U.S. Consumer Prices Rise Less Than Forecast as Autos DropBy
Costs for used cars show biggest drop since March 2009
Core index up 0.1% from previous month, below estimates
U.S. consumer prices rose by less than forecast in April as costs for automobiles and airfares declined, reducing chances that inflation will run significantly above the Federal Reserve’s target in coming months.
The consumer-price index advanced 0.2 percent from the prior month after a March decline of 0.1 percent, a Labor Department report showed Thursday, compared with the Bloomberg survey median of a 0.3 percent gain. Excluding food and energy, the core gauge was up a below-forecast 0.1 percent from March -- the least since November -- and 2.1 percent from a year earlier, compared with projections for 2.2 percent.
Prices for used cars had the biggest monthly drop since 2009 and airfares fell the most in four years. The dollar fell after the report suggested inflation isn’t flaring up in a way that would be troublesome for policy makers, despite higher freight costs, a 17-year low in the unemployment rate and tariffs that are burdening businesses. The Fed is projected to raise interest rates in June for the second time this year, though officials were divided in March over whether three or four total hikes in 2018 were warranted.
“This is a pretty soft print with a number of large declines,” said Omair Sharif, a senior U.S. economist at Societe Generale. “There’s no broad-based gain in inflation. It argues for the Fed sticking with the three-rate-hike type of plan.”
While rising gasoline prices are pinching Americans’ wallets, fuel is providing only a modest boost to the broad CPI, which rose 2.5 percent in April from a year earlier. Seasonally adjusted gas prices rose 3 percent in April from the previous month after a 4.9 percent drop in March, according to the report.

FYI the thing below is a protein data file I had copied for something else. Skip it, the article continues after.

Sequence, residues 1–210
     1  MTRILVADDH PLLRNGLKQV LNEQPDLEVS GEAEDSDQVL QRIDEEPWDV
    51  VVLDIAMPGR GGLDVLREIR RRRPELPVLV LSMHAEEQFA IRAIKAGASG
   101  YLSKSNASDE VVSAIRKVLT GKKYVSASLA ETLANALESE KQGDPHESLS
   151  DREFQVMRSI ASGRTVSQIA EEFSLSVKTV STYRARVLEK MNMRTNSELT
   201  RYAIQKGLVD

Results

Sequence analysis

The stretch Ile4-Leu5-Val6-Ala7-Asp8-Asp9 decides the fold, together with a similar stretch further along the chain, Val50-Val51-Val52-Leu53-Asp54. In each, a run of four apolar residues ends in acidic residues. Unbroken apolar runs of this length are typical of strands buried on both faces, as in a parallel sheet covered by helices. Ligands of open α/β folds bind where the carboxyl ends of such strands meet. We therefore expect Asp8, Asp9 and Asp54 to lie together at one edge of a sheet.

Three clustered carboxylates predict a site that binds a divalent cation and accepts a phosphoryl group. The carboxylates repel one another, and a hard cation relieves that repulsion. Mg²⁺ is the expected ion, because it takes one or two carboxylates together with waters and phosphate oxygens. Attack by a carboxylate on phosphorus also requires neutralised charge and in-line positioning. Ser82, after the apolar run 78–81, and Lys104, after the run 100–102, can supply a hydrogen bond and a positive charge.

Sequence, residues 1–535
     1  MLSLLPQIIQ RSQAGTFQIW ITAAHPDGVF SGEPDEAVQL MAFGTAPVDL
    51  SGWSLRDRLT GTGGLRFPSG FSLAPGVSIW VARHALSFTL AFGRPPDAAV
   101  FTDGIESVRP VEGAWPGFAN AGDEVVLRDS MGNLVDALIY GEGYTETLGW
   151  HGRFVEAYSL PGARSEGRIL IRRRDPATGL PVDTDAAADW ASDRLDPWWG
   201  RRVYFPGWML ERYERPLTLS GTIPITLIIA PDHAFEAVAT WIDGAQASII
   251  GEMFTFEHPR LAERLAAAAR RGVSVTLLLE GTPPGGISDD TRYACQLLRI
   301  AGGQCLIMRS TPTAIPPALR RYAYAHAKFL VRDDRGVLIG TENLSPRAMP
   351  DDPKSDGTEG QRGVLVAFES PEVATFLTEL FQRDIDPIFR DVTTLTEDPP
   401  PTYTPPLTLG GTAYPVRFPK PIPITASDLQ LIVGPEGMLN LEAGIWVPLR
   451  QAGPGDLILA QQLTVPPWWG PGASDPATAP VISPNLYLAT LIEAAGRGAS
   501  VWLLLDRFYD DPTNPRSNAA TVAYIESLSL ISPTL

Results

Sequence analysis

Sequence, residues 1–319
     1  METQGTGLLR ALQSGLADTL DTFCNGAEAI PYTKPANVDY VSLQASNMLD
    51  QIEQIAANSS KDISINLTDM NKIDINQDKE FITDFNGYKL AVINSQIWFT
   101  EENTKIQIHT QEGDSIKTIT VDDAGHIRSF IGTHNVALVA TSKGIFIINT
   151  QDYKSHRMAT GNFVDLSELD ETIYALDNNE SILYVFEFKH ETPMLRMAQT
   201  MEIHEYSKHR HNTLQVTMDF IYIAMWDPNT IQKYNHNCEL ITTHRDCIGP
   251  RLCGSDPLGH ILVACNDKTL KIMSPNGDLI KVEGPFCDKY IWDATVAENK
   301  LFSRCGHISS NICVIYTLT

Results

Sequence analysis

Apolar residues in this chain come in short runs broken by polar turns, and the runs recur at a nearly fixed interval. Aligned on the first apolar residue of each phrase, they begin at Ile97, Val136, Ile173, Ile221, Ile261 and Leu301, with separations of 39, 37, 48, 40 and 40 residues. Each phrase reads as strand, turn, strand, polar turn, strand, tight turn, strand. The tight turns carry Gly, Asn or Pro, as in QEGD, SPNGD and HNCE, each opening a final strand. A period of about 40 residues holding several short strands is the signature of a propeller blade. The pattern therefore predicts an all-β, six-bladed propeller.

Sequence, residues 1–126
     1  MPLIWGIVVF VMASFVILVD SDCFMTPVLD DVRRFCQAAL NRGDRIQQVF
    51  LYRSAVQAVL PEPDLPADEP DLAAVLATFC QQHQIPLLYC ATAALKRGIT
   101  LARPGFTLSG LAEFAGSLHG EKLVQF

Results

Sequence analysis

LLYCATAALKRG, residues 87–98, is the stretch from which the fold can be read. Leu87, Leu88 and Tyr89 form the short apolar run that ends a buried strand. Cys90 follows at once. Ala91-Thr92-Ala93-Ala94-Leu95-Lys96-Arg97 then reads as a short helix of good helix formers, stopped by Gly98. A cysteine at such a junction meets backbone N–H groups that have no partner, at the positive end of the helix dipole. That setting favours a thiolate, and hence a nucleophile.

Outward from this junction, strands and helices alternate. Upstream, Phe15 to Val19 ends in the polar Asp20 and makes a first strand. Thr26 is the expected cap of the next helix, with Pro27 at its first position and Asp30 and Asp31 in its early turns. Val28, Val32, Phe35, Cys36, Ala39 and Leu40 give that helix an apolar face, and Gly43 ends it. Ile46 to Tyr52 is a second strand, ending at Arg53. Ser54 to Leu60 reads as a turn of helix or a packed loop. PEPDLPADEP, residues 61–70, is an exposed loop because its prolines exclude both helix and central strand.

The core CPI reading brought the three-month annualized gain to 1.8 percent, the lowest since July, after 2.9 percent.
The shelter category rose 0.3 percent from the prior month after a 0.4 percent gain. Owners-equivalent rent, one of the categories designed to track rental prices, advanced 0.3 percent. Hotel and motel rates, which had posted an outsize gain in March, rose 0.8 percent in April.
What Our Economists SayWhile market participants continue to scour the economic landscape for evidence that above-trend growth and below-neutral unemployment are fostering firmer price pressures, the April CPI results will provide only modest supporting evidence in this regard. Both core goods and service-inflation trends ceased their respective accelerations in the month.
-- Carl Riccadonna, Bloomberg Economics
Read more for the full reaction note from Bloomberg Economics.
Commerce Department figures released April 30 showed the Fed’s separate preferred gauge of inflation met policy makers’ 2 percent target in March for the first time in a year. The preferred core index, seen by officials as a better gauge of underlying inflation trends, was up 1.9 percent from March 2017.
Wages, which feed into inflation pressures, are growing only moderately even as the job market is tight. A separate report released Thursday by the Labor Department showed average hourly earnings adjusted for inflation rose 0.2 percent from April 2017.
- Energy prices rose 1.4 percent from previous month after 2.8 percent decline; food costs advanced 0.3 percent after 0.1 percent gain
- Costs for new vehicles fell 0.5 percent after being unchanged the prior month; used-vehicle prices dropped 1.6 percent, most since March 2009, following a 0.3 percent decline
- Airfares fell 2.7 percent, most since January 2014
- Apparel prices increased 0.3 percent after falling 0.6 percent
- Expenses for medical care rose 0.1 percent; these readings often vary from results for this category within the Fed’s preferred measure of inflation due to different methodologies
- The CPI is the broadest of three price gauges from the Labor Department because it includes all goods and services. About 60 percent of the index covers the prices that consumers pay for services ranging from medical visits to airline fares, movie tickets and rents
— With assistance by Chris Middleton, and Vince Golle